Tuesday, May 19

Pairing shoes.

I was helping out at a shoe sale in one of the bigger exhibition halls in Singapore. And the helpers were sorting shoes. Shoes are of the same model need to be sorted by (1) colour (2) size (3) left/rights, making this a 3-dimensional problem.

Sorting by colours is easy. Sorting left and right are a little tougher. And sorting by sizes is most time-consuming, given that the sizes are listed on the sole of the shoes.

Imagine the shoe have 5 colours, 5 different sizes, and left/right foots.
There are basically 5 x 5 x 2 = 50 different groups.

Intuitively, the less groups there are, the easier it is to sort the shoes. But at the same time, the grouping should not be oversimplified such that each group ends up being a "mixture" that reduces turnaround time of finding a pair of shoe for the customer.

The helpers were pairing left and right of the same color and size before they throw it into one of the big boxes for the group.

And so I had an issue - What was the point of pairing left and right, when all you do after that is throw the shoes into the box? The shoes have no shoelaces, no showbox, basically they can't be "joined" in any way.

Imagine you have 50 left shoes, and 50 right shoes, of the same size and colour, randomly scattered in a box. It does not guarantee that they will be sold as 50 pairs of shoes. You can have the most detailed plan upfront, but when it comes to picking shoes in a chaotic fair by staff, some people might just end up with 2 lefts, or 2 rights.

So whats the point of ensuring an equal number of left and right in the box if someone might still possibly screw it? So I told the helper to ignore left and right, and just sort by the colours and sizes. By reducing the groups by half, he sorted the shoes much faster.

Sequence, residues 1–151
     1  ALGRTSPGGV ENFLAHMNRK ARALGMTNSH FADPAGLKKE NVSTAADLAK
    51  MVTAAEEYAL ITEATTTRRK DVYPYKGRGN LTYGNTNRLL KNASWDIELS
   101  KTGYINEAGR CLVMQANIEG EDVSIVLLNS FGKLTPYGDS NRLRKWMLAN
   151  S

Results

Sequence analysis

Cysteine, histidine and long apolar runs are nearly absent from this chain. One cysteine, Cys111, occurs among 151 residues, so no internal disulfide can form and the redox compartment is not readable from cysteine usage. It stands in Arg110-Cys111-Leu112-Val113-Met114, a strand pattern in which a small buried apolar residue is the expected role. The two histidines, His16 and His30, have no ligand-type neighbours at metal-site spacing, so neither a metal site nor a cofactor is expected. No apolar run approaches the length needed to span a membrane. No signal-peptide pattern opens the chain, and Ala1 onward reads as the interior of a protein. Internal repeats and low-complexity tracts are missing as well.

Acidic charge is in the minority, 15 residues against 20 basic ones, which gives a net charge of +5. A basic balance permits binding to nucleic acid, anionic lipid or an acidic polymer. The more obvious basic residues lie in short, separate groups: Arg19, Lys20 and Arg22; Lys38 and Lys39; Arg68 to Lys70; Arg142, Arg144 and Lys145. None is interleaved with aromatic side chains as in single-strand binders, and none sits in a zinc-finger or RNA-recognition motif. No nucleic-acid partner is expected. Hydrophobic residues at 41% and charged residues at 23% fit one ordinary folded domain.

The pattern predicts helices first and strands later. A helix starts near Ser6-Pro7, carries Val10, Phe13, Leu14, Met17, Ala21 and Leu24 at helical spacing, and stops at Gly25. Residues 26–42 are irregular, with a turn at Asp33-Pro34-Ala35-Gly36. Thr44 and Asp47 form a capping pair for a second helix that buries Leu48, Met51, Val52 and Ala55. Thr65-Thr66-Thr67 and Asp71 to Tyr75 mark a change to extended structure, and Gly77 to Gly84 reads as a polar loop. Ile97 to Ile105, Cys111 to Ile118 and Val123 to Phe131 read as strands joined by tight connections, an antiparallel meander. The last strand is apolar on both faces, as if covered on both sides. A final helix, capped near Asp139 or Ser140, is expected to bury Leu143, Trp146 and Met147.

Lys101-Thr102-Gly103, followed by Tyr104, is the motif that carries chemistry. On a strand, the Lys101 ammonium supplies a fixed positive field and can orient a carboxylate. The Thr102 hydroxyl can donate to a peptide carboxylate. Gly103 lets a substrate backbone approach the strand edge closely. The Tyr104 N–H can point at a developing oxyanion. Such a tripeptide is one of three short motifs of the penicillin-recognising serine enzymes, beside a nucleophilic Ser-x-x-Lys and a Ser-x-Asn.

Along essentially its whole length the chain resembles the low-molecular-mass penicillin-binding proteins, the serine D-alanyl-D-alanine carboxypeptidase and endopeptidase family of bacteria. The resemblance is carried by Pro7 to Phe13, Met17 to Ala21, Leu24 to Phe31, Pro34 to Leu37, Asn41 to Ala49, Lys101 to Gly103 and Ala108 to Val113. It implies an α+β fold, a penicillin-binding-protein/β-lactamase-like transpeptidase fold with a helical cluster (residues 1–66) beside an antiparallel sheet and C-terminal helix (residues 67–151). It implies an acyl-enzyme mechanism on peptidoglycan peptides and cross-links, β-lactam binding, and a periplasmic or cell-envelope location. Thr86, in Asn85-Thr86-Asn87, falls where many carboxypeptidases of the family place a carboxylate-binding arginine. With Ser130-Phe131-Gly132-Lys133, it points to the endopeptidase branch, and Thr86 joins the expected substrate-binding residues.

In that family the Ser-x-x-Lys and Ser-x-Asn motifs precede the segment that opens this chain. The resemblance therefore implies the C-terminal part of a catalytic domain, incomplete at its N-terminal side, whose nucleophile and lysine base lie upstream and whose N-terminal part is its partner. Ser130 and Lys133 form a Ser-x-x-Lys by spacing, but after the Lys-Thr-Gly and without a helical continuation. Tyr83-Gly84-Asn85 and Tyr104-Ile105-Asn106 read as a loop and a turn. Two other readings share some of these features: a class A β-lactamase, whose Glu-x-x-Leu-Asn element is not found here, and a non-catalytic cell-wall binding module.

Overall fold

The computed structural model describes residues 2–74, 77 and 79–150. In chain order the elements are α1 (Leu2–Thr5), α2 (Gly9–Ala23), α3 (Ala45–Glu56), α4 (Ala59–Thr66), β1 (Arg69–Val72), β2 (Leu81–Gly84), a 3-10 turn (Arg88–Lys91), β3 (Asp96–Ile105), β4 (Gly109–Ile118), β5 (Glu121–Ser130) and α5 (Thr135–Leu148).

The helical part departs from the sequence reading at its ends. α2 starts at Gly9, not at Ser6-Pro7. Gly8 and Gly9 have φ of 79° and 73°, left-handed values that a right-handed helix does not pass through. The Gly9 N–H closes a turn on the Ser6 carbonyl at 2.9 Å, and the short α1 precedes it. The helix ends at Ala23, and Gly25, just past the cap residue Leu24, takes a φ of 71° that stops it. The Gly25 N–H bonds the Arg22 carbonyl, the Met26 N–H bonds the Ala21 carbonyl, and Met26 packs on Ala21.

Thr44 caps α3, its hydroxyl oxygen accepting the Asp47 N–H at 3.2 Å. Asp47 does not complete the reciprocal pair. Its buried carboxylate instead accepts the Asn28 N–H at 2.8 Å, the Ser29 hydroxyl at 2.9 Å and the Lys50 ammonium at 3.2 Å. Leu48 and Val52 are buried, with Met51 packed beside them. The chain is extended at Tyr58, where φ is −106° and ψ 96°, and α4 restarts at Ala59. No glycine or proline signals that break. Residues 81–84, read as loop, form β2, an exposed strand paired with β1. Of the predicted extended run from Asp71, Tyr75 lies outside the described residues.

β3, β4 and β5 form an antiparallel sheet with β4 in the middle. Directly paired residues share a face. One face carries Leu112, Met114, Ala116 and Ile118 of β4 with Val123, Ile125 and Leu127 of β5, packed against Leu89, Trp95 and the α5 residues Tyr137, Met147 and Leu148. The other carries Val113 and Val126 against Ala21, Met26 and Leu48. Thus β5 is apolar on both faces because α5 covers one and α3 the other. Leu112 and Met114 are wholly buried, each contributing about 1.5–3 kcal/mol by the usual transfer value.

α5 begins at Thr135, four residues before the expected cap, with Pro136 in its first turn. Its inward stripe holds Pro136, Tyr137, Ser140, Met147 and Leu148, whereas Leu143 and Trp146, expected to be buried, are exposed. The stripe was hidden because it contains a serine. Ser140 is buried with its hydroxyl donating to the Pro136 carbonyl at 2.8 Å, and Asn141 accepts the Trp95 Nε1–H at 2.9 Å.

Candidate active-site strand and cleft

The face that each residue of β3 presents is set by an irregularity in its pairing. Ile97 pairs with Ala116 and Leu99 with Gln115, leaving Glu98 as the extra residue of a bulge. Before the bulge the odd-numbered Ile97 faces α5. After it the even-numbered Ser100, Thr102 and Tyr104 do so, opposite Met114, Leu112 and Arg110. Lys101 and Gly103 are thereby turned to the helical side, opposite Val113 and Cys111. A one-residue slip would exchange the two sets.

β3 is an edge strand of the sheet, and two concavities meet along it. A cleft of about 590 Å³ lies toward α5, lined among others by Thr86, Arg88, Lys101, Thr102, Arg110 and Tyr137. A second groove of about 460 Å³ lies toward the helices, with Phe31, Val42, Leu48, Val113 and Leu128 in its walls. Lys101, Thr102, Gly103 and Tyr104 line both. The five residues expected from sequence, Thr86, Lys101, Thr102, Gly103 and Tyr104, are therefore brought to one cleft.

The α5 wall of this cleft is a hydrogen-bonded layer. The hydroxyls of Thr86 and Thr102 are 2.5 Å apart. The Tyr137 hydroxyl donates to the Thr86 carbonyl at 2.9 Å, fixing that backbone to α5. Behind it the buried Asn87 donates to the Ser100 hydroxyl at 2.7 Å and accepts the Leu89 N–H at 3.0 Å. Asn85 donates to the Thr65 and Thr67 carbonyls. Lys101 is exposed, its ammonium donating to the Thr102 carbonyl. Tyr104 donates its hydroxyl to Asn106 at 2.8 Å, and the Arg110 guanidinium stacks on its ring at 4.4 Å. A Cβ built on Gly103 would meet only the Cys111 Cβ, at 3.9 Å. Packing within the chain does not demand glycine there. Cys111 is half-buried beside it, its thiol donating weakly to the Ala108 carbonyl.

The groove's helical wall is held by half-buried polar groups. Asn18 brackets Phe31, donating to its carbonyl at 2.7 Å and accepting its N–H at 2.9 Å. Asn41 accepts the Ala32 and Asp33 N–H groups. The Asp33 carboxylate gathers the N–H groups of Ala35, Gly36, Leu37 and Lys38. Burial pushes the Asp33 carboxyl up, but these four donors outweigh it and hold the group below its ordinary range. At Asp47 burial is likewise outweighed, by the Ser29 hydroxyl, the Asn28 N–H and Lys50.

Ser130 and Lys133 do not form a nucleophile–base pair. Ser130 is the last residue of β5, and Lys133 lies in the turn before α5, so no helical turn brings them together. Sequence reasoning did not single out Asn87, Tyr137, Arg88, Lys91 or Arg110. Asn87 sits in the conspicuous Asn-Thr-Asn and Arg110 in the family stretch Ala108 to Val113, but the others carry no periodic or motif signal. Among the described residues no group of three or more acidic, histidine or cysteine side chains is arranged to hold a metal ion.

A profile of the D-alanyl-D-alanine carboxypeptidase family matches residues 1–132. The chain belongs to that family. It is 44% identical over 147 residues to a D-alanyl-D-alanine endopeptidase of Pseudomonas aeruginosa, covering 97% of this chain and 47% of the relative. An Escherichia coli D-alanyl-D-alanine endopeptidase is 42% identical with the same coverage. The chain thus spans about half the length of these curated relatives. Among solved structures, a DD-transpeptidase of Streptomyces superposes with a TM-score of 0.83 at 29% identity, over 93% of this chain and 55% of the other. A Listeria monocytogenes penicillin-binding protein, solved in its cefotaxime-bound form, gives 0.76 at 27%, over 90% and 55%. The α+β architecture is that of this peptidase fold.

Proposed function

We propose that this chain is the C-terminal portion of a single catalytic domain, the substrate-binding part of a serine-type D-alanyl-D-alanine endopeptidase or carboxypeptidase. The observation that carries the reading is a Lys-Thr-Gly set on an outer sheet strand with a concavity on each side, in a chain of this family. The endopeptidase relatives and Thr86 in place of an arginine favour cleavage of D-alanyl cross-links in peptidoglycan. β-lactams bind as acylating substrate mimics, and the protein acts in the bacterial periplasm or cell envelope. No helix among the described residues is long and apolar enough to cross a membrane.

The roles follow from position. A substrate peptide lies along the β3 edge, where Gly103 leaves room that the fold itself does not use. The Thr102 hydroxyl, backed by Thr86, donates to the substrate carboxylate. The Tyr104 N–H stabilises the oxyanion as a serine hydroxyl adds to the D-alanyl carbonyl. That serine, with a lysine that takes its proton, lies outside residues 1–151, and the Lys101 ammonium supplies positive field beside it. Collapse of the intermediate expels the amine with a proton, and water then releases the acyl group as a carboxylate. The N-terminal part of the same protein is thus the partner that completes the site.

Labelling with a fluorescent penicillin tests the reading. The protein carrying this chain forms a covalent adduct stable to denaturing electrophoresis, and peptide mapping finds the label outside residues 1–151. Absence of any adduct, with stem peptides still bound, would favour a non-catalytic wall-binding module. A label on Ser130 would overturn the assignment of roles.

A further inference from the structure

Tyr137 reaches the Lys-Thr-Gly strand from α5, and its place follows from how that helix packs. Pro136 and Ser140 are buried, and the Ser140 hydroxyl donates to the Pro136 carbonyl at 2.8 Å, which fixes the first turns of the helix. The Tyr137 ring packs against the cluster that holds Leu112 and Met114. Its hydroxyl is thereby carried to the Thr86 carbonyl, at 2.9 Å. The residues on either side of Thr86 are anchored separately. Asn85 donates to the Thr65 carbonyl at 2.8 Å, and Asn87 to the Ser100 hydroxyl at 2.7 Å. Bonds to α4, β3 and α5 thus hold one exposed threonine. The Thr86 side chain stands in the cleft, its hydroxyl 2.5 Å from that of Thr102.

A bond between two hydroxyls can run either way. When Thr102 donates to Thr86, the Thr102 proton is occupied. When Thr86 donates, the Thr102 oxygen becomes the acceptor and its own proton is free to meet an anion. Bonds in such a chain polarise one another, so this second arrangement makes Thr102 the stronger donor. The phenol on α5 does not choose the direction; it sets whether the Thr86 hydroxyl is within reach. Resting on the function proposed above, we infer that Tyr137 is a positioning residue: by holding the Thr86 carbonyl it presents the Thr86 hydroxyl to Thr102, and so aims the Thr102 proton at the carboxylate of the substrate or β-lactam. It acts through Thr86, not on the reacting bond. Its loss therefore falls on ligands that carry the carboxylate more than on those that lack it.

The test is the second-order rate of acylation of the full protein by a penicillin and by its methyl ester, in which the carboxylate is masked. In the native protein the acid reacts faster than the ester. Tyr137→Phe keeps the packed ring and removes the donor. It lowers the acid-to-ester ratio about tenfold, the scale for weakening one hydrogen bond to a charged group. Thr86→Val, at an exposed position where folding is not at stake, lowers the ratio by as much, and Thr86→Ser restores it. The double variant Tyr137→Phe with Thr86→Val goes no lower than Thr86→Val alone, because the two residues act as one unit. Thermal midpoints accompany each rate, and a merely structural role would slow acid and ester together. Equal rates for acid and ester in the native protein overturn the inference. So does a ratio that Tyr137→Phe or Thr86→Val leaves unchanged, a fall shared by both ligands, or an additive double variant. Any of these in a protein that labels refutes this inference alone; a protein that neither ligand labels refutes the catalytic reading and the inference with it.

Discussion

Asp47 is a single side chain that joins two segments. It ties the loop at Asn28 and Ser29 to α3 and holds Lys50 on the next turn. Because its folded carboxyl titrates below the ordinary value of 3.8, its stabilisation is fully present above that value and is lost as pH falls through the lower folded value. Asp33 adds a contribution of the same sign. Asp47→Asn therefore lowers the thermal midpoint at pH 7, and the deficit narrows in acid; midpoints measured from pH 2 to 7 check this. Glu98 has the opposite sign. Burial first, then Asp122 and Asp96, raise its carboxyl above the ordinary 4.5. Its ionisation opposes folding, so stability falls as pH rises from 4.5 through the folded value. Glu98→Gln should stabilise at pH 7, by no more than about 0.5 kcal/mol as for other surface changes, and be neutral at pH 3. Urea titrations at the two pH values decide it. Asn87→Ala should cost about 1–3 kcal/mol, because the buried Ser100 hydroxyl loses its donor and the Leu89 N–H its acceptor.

Some problems are solved naturally and easily. You can have 55 left shoes and 45 right shoes. Well, it doesn't matter. Life has a way of sorting out matters, or shoes in this case. With careful picking during actual operations, you will be left with 10 left shoes at the end of the fair.

It doesn't pay to be too micro sometimes. One risk doing unneccassary things, wasting unneccessary time, and wasting energy on the wrong processes.

It pays not to over-plan. Problems are not solved entirely by planning, but by acting accordingly when the event happens.

So aim to go home on time, get more rest, and start thinking with your brain the next day. It will be a productive cycle.


numbernine said...

Yeh, always buy 1 extra right slipper so that you can kick all the arcade machines you want.

Shingo T said...

Take your frustration on the arcade machine, or on your poor foot? =p

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